Miwok 100K: The toughest race I’ve ever run

  • This was printed in May of 2015 in The Madera Tribune, a newspaper in Madera, California. This was the 101st installment of my weekly column, Mind Over Miles.

About a month ago when I told San Joaquin Running race director Nate Moore that I

was nervous about the upcoming Miwok 100K trail race, he told me, “That’s the joy

of longer races. You can die around half way, come back to life and still finish

strong.”

I’m thankful that those words stuck on Saturday.

I have never been so challenged by a race, physically, mentally and emotionally. The

62-mile course in the Marin Headlands (in the San Francisco Bay Area) has more

than 11,000 feet of elevation gain and loss. The terrain is rough with rocks, mud, and

broken sticks to dodge, fallen trees to climb over, and miles of thigh-high grass to

trudge through.

Audrey at Muir Beach aid station

My running buddy, Audrey Crow, in the early part of Miwok 100K.

What it lacked in friendliness, the trail made up for with its beauty. Participants

were rewarded for their efforts with breathtaking views of the Golden Gate Bridge

and Muir Beach, ancient redwoods, green foothills and plentiful wildflowers.

Farin at Tennesse Valley Aid Station

Me coming in to an aid station during Miwok 100K

Still, when the tendons connecting to my right calf muscle started to seize up at Mile

25, I didn’t care what the trail looked like. I just wanted to get off of it.

I ran in pain, debating whether to call it quits at the next aid station or push on. I

clung to Nate’s words and decided to believe in them. I was determined to turn my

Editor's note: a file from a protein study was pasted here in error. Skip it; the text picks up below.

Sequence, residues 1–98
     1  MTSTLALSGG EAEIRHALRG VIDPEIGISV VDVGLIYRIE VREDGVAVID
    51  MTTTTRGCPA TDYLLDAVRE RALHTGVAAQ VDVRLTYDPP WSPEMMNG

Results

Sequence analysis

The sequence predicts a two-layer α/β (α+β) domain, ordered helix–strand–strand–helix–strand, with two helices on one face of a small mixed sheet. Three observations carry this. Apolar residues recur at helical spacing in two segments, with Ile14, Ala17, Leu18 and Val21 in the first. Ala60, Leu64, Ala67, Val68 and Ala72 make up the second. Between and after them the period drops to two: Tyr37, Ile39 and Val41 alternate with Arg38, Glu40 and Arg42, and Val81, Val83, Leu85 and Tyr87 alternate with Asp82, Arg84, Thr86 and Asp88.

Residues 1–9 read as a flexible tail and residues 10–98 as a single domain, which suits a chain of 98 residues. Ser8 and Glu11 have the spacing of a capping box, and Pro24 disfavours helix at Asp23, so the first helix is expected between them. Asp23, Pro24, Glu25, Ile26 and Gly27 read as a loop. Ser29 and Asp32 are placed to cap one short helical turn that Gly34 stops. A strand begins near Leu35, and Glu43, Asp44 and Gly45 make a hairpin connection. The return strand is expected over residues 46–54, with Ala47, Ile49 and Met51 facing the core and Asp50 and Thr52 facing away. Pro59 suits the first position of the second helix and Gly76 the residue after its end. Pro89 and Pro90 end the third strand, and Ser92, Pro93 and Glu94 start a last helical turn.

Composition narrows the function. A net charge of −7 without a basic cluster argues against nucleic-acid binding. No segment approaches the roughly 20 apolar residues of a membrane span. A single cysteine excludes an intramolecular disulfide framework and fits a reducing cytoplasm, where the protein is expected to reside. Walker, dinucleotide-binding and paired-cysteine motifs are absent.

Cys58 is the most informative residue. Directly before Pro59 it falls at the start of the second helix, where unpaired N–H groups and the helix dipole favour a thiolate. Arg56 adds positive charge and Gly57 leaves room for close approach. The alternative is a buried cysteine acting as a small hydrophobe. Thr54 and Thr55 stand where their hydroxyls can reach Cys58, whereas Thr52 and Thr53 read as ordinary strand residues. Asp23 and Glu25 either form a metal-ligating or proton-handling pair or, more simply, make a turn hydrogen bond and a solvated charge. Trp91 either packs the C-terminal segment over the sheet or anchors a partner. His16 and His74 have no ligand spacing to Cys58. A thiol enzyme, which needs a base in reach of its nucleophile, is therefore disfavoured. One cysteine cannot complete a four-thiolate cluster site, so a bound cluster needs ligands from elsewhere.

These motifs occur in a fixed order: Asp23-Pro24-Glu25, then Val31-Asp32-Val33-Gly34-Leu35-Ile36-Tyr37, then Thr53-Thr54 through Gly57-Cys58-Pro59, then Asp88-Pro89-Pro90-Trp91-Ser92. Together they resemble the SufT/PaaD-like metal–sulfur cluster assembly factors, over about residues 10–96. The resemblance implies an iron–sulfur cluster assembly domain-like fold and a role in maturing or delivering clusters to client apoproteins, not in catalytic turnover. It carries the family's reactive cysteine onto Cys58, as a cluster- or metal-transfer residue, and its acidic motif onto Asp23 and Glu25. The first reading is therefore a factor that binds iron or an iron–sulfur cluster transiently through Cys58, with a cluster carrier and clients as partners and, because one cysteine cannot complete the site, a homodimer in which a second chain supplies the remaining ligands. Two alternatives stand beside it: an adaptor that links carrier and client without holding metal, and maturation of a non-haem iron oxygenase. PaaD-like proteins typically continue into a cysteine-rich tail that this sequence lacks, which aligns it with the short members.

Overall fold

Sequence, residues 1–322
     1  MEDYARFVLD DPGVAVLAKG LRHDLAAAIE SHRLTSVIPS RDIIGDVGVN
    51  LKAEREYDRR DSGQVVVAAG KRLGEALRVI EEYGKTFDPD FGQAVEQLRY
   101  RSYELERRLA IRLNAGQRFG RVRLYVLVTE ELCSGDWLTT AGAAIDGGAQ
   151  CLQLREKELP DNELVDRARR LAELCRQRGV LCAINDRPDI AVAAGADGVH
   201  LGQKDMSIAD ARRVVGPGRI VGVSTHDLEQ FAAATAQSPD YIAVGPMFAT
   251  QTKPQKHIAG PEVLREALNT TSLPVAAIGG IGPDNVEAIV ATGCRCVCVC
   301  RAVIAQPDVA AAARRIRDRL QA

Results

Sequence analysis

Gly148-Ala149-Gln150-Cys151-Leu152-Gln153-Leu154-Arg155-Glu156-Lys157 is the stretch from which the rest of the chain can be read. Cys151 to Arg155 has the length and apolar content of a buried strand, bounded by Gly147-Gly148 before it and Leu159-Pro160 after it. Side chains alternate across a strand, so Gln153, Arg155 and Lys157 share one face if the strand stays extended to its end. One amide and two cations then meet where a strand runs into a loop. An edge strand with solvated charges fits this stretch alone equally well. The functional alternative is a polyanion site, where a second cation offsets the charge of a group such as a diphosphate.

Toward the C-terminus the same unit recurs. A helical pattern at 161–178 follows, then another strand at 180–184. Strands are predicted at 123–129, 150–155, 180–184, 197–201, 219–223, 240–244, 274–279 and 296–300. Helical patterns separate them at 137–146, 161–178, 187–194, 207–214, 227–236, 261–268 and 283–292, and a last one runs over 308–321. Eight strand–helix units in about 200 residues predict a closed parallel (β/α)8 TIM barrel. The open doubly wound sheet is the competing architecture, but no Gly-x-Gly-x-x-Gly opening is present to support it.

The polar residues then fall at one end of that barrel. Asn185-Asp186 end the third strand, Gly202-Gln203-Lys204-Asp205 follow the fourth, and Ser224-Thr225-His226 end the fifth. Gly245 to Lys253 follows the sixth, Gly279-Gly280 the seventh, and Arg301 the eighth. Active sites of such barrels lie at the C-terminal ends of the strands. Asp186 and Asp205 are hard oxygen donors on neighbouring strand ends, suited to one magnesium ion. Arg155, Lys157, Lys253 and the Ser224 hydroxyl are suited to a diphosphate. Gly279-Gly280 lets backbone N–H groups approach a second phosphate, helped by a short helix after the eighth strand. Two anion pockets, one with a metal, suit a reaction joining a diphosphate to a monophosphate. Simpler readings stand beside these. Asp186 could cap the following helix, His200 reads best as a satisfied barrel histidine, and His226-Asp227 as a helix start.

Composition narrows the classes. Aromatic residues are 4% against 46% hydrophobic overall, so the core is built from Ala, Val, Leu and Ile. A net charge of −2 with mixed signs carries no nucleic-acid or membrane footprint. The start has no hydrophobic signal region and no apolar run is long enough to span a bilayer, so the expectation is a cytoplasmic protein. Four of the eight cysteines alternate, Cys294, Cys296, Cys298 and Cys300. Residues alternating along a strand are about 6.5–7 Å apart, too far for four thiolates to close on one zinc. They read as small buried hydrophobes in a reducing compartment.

race around.

At each aid station, which were between four and seven miles apart, I stretched and

rubbed my calf, trying to get the tendons to relax a little, but to no avail. I forced

myself to leave each station with the determination to make it to the next one, when

all I really wanted to do was sit down and let someone drive me to the finish line

where I knew a warm meal and a beer was waiting for me.

When I reached the Mile 49 aid station, I took two ibuprofen gel caps (thank you

Kenny Crow for finding some for me!) and massaged my calf with a hard plastic

sports roller. I was sobbing as I rolled the tendons harder and harder, trying to gain

some flexibility.

I continued to cry as I left the aid station and walked up a 1.6-mile long hill. I didn’t

care that people stared as giant tears rolled down my cheeks. At an ultramarathon,

nothing seems out of the ordinary and there is no modesty.

As I made my way to Mile 50, walking and feeling like a zombie, I began to drift off to

sleep. Three times I awoke and caught myself the instant before hitting the ground. I

needed caffeine, and I found some in the form of sports jelly beans in my hydration

pack.

As I munched them, savoring their sweet, fruit punch flavor, I walked along and

observed my gorgeous wooded surroundings.

Another woman was walking the opposite way — she hadn’t yet been to the aid